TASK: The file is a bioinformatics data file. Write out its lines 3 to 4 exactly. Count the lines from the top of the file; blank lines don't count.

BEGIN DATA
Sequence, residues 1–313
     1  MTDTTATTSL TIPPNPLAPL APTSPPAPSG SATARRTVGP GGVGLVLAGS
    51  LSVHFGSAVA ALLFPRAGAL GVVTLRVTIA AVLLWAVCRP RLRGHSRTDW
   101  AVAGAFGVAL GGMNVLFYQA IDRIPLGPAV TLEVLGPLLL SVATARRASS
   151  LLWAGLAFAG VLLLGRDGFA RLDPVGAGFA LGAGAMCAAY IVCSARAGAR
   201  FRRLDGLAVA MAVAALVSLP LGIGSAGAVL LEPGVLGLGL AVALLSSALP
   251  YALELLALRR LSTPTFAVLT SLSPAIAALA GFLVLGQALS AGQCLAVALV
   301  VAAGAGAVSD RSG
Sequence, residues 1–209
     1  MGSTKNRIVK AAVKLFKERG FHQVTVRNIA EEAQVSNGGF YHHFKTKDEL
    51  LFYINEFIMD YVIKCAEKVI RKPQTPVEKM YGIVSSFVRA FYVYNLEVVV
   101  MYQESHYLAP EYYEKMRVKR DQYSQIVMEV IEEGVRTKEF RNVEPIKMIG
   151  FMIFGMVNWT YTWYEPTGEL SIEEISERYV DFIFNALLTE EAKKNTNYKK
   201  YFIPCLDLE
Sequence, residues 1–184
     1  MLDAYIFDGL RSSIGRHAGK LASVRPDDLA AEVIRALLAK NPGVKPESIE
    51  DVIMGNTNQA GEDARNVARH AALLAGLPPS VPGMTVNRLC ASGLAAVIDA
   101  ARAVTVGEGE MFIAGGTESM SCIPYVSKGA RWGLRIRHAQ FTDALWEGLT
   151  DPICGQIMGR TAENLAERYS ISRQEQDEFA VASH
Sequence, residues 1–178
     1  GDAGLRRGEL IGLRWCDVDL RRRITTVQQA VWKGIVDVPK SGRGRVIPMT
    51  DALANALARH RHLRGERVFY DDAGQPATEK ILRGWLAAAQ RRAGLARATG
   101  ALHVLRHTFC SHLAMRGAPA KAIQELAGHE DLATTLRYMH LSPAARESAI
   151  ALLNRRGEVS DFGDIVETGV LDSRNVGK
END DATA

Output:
    51  LSVHFGSAVA ALLFPRAGAL GVVTLRVTIA AVLLWAVCRP RLRGHSRTDW
   101  AVAGAFGVAL GGMNVLFYQA IDRIPLGPAV TLEVLGPLLL SVATARRASS